A French steamer collided with a Turkish steamer on the high seas. The Turkish ship sunk and eight Turks died. When the French ship reached Turkey, Turkish authorities criminally prosecuted the French officer on watch as the time of the collision.
Must a state opposing jurisdiction prove the absence of customary law that permits jurisdiction?
Because all acts that are not expressly forbidden under international law are permitted, the BOP is on the state opposing an act to show that there is a rule or custom that does not allow such an act to be exercised.
Does customary abstention of a state from certain actions create an obligation under customary law to continue to refrain from committing those acts?
That most states have abstained from certain actions in particular circumstances does not prove that they are obligated to do so, only that they have chosen to do so.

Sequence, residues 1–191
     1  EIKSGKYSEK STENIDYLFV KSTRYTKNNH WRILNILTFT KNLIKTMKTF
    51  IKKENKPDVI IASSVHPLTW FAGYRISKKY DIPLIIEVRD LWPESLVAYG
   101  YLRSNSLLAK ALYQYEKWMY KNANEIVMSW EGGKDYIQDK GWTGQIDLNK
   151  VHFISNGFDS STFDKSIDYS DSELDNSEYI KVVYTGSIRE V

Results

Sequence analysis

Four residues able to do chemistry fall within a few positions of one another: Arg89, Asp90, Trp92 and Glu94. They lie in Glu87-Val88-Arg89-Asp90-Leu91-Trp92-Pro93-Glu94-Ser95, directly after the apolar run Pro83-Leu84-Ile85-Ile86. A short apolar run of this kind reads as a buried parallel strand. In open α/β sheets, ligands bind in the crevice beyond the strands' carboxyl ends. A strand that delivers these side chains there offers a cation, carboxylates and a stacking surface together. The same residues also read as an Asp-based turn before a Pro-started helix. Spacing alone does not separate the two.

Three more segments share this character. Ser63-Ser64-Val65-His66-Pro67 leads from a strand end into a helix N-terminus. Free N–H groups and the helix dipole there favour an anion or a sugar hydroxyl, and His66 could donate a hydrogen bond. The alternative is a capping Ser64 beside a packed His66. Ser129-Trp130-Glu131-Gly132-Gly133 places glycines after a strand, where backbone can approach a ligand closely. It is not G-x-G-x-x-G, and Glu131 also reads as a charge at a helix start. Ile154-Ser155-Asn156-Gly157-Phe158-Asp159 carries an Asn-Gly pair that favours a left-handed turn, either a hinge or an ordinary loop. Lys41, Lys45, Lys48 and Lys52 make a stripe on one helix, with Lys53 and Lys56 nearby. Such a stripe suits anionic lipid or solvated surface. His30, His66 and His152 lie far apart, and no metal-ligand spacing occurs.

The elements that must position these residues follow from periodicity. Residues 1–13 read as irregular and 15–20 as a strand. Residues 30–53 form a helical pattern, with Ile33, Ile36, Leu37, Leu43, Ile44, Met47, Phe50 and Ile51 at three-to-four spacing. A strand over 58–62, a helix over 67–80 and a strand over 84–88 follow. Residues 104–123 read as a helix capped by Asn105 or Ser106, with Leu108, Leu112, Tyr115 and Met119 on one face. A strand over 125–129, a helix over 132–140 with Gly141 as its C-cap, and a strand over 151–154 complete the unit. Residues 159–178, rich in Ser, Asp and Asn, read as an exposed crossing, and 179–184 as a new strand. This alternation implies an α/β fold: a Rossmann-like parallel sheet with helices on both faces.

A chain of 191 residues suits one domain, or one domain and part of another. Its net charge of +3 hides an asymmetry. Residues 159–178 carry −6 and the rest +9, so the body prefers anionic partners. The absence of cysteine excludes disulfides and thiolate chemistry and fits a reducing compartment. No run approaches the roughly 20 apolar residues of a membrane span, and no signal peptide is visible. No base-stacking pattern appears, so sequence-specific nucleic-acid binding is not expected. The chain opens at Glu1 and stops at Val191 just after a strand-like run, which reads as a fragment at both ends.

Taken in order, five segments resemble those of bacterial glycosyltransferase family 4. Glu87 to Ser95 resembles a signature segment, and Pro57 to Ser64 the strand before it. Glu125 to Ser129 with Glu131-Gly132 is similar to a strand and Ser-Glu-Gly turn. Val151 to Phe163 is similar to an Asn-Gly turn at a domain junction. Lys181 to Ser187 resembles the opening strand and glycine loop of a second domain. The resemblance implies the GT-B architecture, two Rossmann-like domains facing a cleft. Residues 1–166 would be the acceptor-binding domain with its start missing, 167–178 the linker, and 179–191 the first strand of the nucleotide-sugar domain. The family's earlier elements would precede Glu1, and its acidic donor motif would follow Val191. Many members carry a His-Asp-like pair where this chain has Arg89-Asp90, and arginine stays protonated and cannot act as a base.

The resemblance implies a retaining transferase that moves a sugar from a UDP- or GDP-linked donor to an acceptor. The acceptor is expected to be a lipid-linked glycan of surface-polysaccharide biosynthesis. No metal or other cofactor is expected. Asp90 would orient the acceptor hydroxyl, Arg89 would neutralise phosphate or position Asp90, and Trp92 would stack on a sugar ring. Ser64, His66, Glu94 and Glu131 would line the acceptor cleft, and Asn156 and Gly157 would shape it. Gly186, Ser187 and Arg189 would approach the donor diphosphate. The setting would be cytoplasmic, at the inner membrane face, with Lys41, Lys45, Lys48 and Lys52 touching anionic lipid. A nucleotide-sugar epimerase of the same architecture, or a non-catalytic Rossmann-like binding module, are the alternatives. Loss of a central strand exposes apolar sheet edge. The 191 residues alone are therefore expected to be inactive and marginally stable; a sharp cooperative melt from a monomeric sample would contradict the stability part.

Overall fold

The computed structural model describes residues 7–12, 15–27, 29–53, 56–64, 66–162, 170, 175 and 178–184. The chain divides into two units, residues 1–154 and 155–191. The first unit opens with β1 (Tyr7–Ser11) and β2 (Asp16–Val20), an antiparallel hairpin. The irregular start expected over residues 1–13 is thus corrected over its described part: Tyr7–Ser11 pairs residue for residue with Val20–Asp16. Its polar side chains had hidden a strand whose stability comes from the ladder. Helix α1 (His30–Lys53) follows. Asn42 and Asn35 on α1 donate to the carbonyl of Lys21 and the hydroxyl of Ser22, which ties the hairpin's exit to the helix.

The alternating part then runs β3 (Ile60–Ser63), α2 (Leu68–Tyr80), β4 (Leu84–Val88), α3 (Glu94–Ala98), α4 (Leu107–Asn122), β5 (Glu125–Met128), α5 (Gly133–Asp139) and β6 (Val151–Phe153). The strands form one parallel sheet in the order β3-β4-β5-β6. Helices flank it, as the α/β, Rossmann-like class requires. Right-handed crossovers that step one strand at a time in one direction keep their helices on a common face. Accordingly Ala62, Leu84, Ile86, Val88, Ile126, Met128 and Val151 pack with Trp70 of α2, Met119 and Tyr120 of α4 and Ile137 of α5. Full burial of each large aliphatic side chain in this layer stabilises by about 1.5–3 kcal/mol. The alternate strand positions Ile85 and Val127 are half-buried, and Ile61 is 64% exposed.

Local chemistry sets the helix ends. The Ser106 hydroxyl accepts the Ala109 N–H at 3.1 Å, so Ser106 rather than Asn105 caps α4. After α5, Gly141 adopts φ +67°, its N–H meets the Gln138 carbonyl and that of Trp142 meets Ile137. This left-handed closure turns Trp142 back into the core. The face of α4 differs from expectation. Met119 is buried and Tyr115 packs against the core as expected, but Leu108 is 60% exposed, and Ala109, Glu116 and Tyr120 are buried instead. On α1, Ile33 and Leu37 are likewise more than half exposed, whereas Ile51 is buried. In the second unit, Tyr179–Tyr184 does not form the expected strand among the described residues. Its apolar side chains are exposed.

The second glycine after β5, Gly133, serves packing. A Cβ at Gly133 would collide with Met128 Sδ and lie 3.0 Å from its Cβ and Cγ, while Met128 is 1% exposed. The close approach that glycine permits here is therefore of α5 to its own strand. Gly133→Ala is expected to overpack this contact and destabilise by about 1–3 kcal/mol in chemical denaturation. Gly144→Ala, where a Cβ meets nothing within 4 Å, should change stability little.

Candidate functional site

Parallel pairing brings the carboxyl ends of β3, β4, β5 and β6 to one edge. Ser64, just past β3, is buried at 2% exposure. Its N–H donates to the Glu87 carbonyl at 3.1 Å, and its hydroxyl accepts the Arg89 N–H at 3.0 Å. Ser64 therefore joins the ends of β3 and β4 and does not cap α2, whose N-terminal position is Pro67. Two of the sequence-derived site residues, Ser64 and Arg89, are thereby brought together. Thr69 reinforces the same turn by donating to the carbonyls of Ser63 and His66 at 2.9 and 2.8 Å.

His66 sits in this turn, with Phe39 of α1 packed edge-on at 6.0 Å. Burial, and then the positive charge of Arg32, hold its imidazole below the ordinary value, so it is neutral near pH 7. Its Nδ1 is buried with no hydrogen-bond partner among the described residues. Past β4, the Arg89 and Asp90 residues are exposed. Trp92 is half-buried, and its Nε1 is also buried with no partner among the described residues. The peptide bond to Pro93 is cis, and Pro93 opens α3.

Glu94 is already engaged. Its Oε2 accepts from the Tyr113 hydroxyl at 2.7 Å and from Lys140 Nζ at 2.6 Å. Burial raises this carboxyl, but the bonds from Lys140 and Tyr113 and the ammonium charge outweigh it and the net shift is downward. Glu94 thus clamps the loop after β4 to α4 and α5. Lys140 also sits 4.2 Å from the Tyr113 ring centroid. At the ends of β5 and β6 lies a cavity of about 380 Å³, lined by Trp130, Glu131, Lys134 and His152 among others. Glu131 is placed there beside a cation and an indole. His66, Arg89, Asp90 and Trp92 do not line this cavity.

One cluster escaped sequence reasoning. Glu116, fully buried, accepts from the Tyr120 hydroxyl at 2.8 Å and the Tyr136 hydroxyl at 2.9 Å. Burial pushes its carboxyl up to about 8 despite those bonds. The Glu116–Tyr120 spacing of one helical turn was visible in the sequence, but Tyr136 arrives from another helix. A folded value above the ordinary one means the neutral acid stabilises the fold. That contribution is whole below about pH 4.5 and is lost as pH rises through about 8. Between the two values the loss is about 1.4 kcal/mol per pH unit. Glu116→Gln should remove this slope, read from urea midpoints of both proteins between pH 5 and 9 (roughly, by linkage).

- The court decided that Turkey did have authority to arrest French officer under the Treaty of Lausanne (1923).
- Sovereignty is so important that, if you are challenging the jurisdiction of a sovereign state, you have burden of proof.
- International Law is a system of freedom — countries can do anything which is not expressly prohibited.
- This case is considered the high mark of positivism: states must agree to restraints on sovereignty.
- The court also decided that France and Turkey had concurrent jurisdiction over the cases arising aboard a French flag vessel on the high seas.
- Subsequent treaties have overruled this finding: only the flag state has jurisdiction.
The Burden of Proof should be on the state seeking to show that it has jurisdiction. International Law does not permit everything that is not explicitly forbidden.
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